Not abomination – GHAMRO on taking royalties from churches
The decision by the Ghana Music Rights Organisation (GHAMRO) to collect royalties from churches for performing Gospel songs was thought to be a move that would be fully embraced by players in the sector.
Instead, the announcement by the Chief Operating Officer of GHAMRO, Abraham Adjartey, last month has rather created disunity among Gospel artistes as they remain divided over the move, with some believing it is sinful.
However, Mr Adjartey has told Graphic Showbiz it is not an abomination to collect royalties from the churches.
He explained that the decision was not born out of malice or to cause disaffection between the churches and musicians, but had legal backing in Section 49 of the Copyright Law, Act 690 of 2005 and regulated under L.I. 1962 of 2010.
“It is rather interesting the opposing views we are getting from the sector, but that should not have been the case. The truth is that there’s nothing abominable or sinful about collecting royalties from the churches.
“Besides, the churches are not even against it after many engagements with them, but unfortunately it is some Gospel artistes who feel that what we intend to do is abominable. Perhaps, the gospel artistes should be enlightened about the legal functions of GHAMRO so it doesn’t look like we are witch-hunting the church or God’s people,” he said.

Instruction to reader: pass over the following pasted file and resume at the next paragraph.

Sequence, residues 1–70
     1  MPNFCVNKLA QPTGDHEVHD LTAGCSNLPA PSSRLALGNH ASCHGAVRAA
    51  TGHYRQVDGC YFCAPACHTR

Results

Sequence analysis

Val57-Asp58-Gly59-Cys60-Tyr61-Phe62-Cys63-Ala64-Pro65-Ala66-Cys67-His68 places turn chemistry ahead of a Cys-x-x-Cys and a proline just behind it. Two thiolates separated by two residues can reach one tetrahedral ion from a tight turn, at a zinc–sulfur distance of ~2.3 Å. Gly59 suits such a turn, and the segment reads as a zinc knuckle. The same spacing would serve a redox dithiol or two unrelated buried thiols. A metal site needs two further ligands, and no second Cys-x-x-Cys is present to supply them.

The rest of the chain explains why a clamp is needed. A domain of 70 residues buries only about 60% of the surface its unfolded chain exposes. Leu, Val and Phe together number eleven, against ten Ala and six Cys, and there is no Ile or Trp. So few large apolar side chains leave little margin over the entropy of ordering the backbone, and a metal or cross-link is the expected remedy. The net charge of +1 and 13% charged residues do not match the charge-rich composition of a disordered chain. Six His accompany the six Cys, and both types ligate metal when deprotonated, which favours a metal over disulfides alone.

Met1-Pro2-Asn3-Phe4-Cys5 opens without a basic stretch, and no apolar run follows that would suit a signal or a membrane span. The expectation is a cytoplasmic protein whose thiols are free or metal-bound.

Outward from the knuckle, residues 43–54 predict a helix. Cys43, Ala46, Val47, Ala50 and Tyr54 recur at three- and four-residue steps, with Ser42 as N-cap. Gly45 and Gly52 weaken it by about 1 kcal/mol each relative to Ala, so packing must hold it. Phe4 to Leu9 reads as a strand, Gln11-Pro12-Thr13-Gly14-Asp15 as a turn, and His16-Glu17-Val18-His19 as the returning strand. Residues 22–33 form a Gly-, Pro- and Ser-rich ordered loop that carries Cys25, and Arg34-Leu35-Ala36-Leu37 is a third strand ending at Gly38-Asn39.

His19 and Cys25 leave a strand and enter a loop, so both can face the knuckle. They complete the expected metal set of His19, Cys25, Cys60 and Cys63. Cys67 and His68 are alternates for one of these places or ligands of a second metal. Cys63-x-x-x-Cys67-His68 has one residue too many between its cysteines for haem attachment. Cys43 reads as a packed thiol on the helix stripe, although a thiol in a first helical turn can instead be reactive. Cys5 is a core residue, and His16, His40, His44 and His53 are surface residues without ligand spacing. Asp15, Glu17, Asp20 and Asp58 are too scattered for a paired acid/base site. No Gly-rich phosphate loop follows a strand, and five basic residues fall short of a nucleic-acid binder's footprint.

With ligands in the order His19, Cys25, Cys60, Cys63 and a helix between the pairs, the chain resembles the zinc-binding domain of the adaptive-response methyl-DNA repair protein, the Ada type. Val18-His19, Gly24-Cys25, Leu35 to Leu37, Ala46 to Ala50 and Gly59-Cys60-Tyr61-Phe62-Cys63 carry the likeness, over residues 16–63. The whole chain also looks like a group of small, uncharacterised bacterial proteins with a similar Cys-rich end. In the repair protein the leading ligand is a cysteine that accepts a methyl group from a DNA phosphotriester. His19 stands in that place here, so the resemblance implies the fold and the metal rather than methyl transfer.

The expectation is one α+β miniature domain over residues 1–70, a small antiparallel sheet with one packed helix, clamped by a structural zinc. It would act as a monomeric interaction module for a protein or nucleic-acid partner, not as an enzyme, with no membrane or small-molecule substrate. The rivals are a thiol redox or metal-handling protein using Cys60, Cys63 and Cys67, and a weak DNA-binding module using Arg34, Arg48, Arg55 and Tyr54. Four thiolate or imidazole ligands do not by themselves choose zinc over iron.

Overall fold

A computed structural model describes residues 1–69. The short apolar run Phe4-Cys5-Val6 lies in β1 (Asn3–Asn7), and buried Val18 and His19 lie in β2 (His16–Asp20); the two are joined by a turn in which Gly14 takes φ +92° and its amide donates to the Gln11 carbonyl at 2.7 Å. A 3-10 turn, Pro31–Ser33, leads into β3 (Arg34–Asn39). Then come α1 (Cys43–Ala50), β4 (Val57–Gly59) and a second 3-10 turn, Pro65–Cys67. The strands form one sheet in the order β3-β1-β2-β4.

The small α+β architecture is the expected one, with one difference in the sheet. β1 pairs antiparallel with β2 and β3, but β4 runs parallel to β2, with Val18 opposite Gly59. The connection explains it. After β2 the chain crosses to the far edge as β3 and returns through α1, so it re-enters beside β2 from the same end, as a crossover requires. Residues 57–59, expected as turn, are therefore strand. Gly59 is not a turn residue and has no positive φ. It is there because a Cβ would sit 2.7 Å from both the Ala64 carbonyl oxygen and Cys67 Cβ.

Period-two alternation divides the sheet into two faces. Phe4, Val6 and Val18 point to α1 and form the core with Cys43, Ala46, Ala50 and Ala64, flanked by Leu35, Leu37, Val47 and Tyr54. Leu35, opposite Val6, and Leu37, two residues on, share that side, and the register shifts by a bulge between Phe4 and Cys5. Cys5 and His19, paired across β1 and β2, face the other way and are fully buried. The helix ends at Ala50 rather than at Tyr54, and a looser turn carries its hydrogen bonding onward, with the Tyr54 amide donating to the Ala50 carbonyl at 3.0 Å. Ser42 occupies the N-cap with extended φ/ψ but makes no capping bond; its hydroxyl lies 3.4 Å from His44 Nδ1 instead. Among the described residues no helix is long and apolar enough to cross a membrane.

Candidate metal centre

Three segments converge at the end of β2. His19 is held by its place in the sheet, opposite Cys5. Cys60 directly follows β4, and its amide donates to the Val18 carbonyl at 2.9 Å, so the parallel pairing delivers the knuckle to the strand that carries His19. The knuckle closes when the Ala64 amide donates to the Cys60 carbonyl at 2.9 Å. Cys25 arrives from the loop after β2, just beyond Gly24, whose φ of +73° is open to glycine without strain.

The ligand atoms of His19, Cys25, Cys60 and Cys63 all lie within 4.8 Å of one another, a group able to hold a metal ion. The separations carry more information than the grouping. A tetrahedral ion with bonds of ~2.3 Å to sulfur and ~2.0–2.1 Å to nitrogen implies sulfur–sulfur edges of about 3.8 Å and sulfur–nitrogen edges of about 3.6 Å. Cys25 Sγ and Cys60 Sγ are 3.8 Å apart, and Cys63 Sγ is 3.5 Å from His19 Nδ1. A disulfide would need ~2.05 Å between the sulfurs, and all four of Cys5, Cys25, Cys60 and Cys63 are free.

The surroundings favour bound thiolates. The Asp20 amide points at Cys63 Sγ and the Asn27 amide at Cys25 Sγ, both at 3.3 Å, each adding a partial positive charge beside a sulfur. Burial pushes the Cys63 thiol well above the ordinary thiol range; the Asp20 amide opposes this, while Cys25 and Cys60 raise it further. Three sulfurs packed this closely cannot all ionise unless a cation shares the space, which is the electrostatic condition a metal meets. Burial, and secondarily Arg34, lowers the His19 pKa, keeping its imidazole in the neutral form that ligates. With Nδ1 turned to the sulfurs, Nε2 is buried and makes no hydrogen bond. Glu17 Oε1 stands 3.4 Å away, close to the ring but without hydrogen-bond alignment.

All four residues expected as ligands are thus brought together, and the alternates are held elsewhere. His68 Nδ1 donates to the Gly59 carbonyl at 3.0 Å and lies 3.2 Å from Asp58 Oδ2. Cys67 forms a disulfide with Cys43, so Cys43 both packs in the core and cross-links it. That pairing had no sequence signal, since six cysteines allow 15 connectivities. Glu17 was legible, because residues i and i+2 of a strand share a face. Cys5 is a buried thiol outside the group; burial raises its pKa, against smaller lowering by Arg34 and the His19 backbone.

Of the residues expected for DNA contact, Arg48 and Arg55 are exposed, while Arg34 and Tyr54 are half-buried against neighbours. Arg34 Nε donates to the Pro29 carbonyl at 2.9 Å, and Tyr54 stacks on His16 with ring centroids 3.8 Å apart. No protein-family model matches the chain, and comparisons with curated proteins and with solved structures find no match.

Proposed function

Some Gospel artistes, including Patience Nyarko and Eric Jeshrun, who have spoken about this matter are of the opinion that the enforcement of the law will destroy the relationship between them and the churches.
“If the churches ask Gospel artistes to stop recording or singing their songs or even ask every artiste who has commercially recorded songs belonging to them (church) to pay royalties to them, that money will be so huge that Gospel musicians cannot pay,” Patience Nyarko is reported to have said in an interview with Accra-based radio station Onua FM.
Eric Jeshrun also said he was in doubt about the appropriate approach and system GHAMRO would adopt to collect the royalties.
On the same platform, he pointed out that GHAMRO should educate and prepare the minds of the churches through the Christian Council since it had administrative problems.
However, speaking to the above issues, Mr Adjartey said GHAMRO had already engaged some of the churches and they had agreed and negotiated on the fee to be paid every year.
“Just like every organisation, I acknowledge that GHAMRO has challenges but that should not deter us from doing what the law empowers us to do. Besides, this is not the first time this conversation has come up so it should not be a subject for discussion now,” he added.
Gospel artiste Bernard Amankwah told Graphic Showbiz that it was a matter of concern that some Gospel artistes were against the collection of royalties.
“At this point, GHAMRO needs nothing more than the support of stakeholders but unfortunately, the opposite is happening. I agree with assertions that GHAMRO should have proper structuring but that should not be enough to discredit this good initiative,” he stated.